Does a DWI lower your chance of getting hired? The saying goes, “If you did the crime, you’ve got to do the time!” This couldn’t be truer. If your background screen shows a DWI, you can bet the company you are talking to will take notice. If you really want this job, you need to take the time to figure out your explanation, ways to ensure you can be trusted, and check on your screen to know exactly what it says and shows.
So, the real question boils down to—will an employer hire an employee with a criminal license history or not? While we do believe everyone deserves a second chance,the answer is: It depends.
Let’s take the time to review what employers are looking for on background checks and what they consider when hiring a candidate who in the past has received a conviction.
Top 10 Convictions on Background Checks:
- Driving while intoxicated (DWI)
- Driving while license suspended
- Possession of marijuana
- Possession of controlled substance
- Assault family member
- Theft by check
- Evading arrest/detention
- Assault causes bodily injury
- Aggravated assault
Will an employer hire a job candidate with a background check that includes one of these common convictions? Being objective is difficult, particularly with DWIs. Statistics indicate as many as two in three people are touched by an injury involving an alcohol-related auto accident. On the other side of the issue, there is a large percentage of people who have, at some point in time, had that second glass of wine with dinner and proceeded to drive home.
Each year in the United States, one percent of all licensed drivers are arrested for DWI. That’s more people than any other crime! What does this mean to hiring managers?
If you have a DWI on your criminal background check, be prepared to clarify the circumstances that led to the conviction in your interview. Know what your background check says about the situation! You’ll want to have all your facts straight. That way, the hiring manager won’t question your trustworthiness or ask tough follow-up questions. You’ll have the power to clarify and build a firm foundation for the rest of your interview process. Also, don’t lie! The employer has done thorough research on you. Tell the truth. Order a background check so you know what they know.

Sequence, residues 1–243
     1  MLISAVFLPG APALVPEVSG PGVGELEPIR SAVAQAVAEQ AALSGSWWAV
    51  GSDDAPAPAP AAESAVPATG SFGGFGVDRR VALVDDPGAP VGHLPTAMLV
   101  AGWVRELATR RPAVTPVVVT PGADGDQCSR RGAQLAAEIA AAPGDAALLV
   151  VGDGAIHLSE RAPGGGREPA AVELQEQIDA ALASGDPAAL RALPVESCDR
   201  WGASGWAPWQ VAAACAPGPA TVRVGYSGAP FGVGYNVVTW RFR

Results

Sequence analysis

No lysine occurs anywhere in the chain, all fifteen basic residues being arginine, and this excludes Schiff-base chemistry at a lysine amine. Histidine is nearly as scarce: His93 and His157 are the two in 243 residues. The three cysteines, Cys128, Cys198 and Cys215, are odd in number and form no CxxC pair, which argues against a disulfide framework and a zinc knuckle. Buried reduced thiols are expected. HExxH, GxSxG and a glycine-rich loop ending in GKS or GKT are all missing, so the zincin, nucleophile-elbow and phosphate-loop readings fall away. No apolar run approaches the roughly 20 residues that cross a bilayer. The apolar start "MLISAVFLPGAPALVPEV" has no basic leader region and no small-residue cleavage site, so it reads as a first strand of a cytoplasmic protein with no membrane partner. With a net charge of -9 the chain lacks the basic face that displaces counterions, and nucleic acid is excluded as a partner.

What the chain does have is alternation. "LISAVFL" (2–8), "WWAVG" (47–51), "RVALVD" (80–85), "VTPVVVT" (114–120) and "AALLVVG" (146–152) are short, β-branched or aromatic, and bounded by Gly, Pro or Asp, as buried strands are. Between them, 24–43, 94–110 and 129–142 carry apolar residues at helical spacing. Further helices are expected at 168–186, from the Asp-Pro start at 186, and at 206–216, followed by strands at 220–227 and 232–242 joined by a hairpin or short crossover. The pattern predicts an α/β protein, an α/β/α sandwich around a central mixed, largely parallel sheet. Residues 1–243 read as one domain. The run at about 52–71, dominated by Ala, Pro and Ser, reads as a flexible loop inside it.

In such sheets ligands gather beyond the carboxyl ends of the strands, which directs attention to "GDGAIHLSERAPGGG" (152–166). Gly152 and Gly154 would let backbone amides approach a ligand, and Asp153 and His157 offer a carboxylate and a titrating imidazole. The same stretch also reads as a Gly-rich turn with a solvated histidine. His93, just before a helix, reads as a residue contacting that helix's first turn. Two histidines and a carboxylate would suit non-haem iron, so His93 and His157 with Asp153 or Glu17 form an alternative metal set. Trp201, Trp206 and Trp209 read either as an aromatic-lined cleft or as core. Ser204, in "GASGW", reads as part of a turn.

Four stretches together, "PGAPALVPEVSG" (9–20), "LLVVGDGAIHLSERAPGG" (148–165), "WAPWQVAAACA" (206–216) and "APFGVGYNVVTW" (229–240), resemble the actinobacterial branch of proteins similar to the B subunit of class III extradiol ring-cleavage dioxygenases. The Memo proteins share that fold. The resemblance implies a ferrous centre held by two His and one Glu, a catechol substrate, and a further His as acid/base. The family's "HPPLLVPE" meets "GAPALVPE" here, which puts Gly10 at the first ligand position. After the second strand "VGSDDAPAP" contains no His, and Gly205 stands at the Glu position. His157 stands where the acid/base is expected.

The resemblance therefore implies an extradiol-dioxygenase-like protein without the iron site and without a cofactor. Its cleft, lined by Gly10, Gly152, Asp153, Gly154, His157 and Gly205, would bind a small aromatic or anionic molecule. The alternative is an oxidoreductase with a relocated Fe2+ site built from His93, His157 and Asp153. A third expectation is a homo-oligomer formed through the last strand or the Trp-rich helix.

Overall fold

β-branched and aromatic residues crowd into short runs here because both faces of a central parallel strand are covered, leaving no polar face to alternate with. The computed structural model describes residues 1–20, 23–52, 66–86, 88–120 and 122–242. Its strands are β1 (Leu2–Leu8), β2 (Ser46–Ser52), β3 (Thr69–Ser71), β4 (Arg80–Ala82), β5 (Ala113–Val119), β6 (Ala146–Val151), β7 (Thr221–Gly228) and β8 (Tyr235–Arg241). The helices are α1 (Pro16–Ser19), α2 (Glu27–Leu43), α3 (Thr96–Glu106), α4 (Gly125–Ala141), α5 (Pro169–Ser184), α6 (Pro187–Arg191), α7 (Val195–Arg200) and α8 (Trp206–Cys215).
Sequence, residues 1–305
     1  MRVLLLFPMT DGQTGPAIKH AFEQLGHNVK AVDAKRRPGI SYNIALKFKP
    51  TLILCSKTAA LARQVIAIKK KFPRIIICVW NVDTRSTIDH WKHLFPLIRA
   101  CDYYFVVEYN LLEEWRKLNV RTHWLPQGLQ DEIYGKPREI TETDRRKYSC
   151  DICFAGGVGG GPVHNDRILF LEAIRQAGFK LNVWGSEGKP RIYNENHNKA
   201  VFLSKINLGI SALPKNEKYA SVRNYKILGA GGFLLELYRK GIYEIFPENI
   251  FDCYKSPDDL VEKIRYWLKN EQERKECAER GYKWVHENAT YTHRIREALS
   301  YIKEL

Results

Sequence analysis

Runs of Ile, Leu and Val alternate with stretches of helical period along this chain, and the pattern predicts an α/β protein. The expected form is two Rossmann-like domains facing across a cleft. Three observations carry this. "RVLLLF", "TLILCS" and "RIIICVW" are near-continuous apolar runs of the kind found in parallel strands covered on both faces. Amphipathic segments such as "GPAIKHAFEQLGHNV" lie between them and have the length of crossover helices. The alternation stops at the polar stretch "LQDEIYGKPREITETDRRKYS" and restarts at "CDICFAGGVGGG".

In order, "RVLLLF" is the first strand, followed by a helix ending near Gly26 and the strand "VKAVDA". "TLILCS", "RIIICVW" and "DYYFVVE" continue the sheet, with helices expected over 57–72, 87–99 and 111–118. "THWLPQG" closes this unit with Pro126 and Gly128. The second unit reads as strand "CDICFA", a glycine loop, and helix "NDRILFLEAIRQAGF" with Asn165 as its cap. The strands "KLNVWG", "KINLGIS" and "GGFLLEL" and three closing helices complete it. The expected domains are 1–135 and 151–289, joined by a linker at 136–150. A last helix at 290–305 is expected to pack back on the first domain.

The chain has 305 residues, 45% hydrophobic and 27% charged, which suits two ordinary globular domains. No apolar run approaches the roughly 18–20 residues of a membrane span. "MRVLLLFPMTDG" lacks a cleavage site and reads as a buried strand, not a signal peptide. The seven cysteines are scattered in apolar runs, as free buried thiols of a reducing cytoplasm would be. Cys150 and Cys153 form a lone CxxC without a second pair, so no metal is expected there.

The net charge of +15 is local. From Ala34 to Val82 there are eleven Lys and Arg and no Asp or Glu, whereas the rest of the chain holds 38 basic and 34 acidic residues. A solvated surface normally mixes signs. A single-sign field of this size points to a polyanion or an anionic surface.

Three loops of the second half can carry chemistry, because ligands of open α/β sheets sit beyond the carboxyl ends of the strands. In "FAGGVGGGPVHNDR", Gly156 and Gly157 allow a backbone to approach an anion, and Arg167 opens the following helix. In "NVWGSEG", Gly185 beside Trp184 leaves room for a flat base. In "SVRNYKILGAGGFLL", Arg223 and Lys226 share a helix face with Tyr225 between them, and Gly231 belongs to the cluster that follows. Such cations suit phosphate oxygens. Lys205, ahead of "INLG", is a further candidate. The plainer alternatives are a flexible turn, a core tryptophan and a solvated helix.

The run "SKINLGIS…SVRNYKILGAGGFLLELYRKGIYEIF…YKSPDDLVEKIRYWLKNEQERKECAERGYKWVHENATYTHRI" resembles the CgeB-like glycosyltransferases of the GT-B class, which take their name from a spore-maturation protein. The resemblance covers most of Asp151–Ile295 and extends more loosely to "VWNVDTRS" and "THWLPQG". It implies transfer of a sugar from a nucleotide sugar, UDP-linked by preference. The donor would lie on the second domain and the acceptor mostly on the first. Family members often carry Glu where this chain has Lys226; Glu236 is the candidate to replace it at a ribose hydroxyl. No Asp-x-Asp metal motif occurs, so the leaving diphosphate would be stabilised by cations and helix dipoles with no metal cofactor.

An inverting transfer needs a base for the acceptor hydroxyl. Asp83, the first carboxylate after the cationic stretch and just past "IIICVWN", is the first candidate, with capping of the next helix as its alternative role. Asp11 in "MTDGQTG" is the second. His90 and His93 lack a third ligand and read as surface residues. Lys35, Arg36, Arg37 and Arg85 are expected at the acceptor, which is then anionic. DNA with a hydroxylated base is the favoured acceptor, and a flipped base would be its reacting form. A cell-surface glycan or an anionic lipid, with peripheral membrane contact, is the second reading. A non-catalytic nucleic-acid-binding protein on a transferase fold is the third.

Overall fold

HR policies usually guide hiring managers when it comes to excluding applicants or hiring job candidates. One of the main criteria hiring managers consider are the types of tasks that the employee will be doing while performing the essential daily functions of his or her job, and also the individual qualities that make different employees successful in the given role. If the position you are applying for requires driver qualifications, then it will probably be an easy decision for the hiring manager to not offer you the job. If driving is an essential part of the job, then a hiring manager should take a serious look at the applicant’s personal driving record, as a matter of due diligence. One final factor hiring managers take into consideration is the rate of recidivism.
Unfortunately, the rates for recidivism for persons convicted of this particular offense are unusually high. Recidivism data varies by state; and while there are many factors affecting recidivism rates for DWI convictions, the most common factor in determining whether a person will be convicted of DWI more than once seems to be court-directed education and/or counseling.
This partial list of suggested employment roles for persons convicted of DWI is by no means comprehensive:
- Retail Management
- Production/Manufacturing Management
- Inside Sales
- Legal (Attorney, Paralegal, Etc.)
- Copy Writer/Editor
- Call Center
- Bank Teller
- Help Desk
- Sous Chef/Grill Cook
- AutoCAD Draftsman
- Retail Associate
- Customer Service
This partial list of suggested excluded employment roles for persons convicted of DWI is by no means comprehensive:
- Commercial Driver
- Heavy Equipment Operator
- Wrecker Driver
- Outside/Regional Sales
- Food Delivery
- Regional Manager
- Field Service Technician
- Census Taker
- Crew Leader: Construction/Moving/Landscaping
Whatever the circumstances, if you have received a DWI, you can bet it’s on your background check for all potential employers to see. They’re taking the time to screen candidates and consider who’s best for the job—so you should take the time, too! Just because it’s there, doesn’t mean you don’t have a chance. The interview is the perfect time and place to explain the circumstances, tell the truth, establish a new trust-foundation, and impress the hiring manager by beating them to the punch.
Would you like to access your personal criminal background check? Contact us today to get started.